It’s summer, but that doesn’t mean kids stop learning. Camps, excursions, and other experiences provide opportunities to explore interests, take on challenges, and exercise creativity.
Summertime and throughout the year, Great Salt Bay Community School students in grades 5-8 make up the majority of youth treading the boards at Heartwood Regional Theater Co.’s educational programs.
“Theater is such a creative outlet,” said Heidi Kopishke, actor and fifth grade English language arts and social studies teacher at GSB. “It pulls together so many diverse students who bond over the process of creating these characters, places and stories to share.”
Kopishke has been a teacher for 18 years, 17 of them at GSB.
“I’ve always worked ‘reader’s theater’ into my curriculum when I can,” she said. “This includes assigning characters from novels we’re reading in class to individual students and allowing them to read the dialogue out loud. My students really get into it. They use inflection and voices they normally wouldn’t if we were simply reading a book by having each student read a page out loud.”
Kopishke also directs a school play each spring for students in grades 4-6.
“The students really love to perform,” she said. “They need an audience. It’s amazing how much a performance comes to life when students have someone to share their gift with.”
Heartwood’s educational outreach originally made performances available to students by bringing acting troupes into the school to perform. At this time, Kopishke was working with local director, producer, and costumer, Sue Ghoreyeb, to put together a yearly children’s production, Winter Drama Adventure, which performed at various Midcoast theaters. Kopishke suggested combining her connection to GSB, the foundation Ghoreyeb put in place, and the experience and resources of Griff Braley, Heartwood artistic director.
“I knew we had something special,” Kopishke said.
The collaboration launched in 2014 with a production of “Narnia: The Lion, The Witch, and the Wardrobe.”
“I had pushed for a particularly shy, quiet girl to be cast as the White Witch,” Kopishke said. “I knew she had something in her. When her fellow classmates and teachers came to see the production, their jaws dropped. Here was a young lady who barely spoke in school who was now playing this powerful character and owning the stage.”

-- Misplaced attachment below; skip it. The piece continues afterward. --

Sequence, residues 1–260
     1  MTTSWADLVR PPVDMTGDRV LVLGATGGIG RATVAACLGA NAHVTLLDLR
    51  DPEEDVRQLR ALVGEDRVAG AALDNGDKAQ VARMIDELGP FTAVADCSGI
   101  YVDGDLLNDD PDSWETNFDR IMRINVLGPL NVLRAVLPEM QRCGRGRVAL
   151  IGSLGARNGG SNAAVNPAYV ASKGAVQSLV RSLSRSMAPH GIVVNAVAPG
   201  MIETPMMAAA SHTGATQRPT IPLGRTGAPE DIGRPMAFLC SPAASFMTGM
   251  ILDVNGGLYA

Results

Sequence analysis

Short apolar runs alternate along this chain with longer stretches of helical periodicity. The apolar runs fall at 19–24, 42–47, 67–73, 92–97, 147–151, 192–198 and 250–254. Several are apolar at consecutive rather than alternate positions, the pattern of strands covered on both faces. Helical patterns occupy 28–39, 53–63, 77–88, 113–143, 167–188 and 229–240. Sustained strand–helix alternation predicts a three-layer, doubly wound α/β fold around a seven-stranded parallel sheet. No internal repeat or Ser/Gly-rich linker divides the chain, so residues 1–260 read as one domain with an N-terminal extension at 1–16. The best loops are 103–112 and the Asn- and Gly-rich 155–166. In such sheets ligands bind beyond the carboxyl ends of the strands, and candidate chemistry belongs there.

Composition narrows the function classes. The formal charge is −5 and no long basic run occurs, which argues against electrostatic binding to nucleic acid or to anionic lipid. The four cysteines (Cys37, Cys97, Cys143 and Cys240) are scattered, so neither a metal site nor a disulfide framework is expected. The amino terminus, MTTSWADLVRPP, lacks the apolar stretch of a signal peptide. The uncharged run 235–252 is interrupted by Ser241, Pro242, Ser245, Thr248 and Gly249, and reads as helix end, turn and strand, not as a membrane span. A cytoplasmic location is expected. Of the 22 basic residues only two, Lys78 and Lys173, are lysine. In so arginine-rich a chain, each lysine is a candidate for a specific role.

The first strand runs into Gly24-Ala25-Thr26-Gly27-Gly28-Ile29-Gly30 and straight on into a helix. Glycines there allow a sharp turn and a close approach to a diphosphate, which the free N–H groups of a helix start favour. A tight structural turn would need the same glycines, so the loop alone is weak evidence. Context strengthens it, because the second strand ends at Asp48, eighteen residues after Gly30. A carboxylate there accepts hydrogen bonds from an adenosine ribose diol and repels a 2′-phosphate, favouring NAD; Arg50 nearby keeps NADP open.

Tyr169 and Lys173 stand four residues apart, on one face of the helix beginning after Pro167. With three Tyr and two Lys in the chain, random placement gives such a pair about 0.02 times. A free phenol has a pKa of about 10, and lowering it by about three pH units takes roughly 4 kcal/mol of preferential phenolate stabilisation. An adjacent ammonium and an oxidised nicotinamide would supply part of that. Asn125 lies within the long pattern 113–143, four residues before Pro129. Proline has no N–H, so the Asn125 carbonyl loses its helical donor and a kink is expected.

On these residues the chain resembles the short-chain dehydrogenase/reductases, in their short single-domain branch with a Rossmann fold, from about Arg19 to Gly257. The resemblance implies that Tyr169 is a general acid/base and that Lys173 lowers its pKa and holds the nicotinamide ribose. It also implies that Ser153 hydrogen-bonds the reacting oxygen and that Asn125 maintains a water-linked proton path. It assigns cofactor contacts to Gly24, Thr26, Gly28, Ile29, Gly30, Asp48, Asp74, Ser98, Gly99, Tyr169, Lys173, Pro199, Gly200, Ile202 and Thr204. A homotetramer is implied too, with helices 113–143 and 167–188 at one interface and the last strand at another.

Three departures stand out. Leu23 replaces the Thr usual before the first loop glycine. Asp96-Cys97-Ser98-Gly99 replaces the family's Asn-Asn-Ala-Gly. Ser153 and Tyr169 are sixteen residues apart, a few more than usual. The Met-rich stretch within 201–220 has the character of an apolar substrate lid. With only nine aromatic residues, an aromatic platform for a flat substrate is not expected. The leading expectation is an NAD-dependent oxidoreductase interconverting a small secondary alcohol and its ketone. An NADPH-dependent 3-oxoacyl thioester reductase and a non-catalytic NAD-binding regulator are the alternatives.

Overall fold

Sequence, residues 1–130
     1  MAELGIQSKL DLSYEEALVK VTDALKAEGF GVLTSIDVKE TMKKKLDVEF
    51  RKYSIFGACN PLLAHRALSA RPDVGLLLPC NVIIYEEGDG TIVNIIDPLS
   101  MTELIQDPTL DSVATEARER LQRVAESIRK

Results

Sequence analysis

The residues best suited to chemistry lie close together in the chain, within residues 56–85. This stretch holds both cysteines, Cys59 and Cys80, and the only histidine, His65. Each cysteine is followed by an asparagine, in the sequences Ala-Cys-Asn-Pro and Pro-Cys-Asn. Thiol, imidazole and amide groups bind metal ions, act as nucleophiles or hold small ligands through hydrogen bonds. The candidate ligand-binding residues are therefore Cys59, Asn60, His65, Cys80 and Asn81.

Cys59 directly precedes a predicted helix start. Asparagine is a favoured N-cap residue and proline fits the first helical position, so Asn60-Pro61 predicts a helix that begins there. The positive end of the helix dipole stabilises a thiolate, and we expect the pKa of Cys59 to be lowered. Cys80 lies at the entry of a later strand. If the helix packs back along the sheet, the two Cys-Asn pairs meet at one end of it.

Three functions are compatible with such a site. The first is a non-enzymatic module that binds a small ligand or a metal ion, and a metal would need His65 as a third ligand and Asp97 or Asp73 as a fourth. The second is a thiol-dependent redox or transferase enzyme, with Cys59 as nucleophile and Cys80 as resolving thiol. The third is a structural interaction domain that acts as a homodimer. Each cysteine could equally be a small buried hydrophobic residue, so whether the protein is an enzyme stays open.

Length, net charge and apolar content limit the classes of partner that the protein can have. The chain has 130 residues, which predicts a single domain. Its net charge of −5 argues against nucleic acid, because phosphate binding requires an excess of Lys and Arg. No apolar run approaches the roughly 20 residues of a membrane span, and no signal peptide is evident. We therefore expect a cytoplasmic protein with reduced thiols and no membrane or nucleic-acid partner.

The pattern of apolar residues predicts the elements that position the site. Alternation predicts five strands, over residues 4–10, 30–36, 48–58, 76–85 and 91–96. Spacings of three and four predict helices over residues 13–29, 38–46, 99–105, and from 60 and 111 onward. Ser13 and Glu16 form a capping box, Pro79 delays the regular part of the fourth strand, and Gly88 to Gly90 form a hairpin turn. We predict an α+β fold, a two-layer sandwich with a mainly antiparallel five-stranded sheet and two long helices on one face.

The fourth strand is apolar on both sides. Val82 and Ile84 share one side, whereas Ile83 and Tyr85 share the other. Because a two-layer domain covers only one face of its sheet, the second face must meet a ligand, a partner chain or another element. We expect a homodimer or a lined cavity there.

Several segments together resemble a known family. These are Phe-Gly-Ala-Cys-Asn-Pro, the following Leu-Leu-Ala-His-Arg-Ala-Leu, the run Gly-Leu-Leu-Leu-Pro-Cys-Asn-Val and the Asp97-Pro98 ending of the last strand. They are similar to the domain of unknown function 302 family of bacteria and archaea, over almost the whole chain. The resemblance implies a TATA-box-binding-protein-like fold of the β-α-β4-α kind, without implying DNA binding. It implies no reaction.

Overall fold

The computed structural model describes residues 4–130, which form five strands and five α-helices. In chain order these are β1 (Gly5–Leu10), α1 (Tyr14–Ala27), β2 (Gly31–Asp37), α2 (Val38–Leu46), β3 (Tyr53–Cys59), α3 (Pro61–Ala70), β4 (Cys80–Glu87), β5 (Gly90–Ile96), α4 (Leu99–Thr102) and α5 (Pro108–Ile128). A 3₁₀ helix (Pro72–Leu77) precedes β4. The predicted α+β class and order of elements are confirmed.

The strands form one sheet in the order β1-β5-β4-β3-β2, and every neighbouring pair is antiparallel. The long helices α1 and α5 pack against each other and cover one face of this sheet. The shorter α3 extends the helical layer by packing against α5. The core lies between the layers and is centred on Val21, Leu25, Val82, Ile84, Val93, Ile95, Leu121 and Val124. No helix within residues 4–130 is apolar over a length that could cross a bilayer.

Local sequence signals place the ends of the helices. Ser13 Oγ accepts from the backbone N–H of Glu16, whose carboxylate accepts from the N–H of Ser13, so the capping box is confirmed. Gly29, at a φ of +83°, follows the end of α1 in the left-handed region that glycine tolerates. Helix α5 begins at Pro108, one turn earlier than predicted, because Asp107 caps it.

Another performer from the inaugural production, Ryan Kohnert, went on to perform in many Heartwood shows, became a Heartwood intern running lights, studied theater at University of Southern Maine and is now Heartwood’s technical director. “And a talented actor as well,” added Kopishke.
“Many parents have contacted me through the years saying their child has been struggling in school but when they joined the theater program – both with Heartwood and the GSB drama club – the struggle parents had getting their child to school each day went away,” Kopishke said. “Students look forward to going to school and staying after school to be in theater.”
Kopishke said parents are also impressed that their child has taken on a new challenge, stepped outside their comfort zone and found something they love doing.
For parents and caregivers, Kopishke has advice: “Encourage that shy kid you know to try something new, take your child to see live theater and come see some of the wonderful shows these students are putting on.”
(“Learning Together” is a monthly feature by the Great Salt Bay Parent Teacher Organization. GSB PTO supports students in their activities and aids staff and school programs. Membership is automatic for all parents, teachers, and administration. For more information, go to greatsaltbayschool.org/pto and follow GSB PTO on Facebook and Instagram.)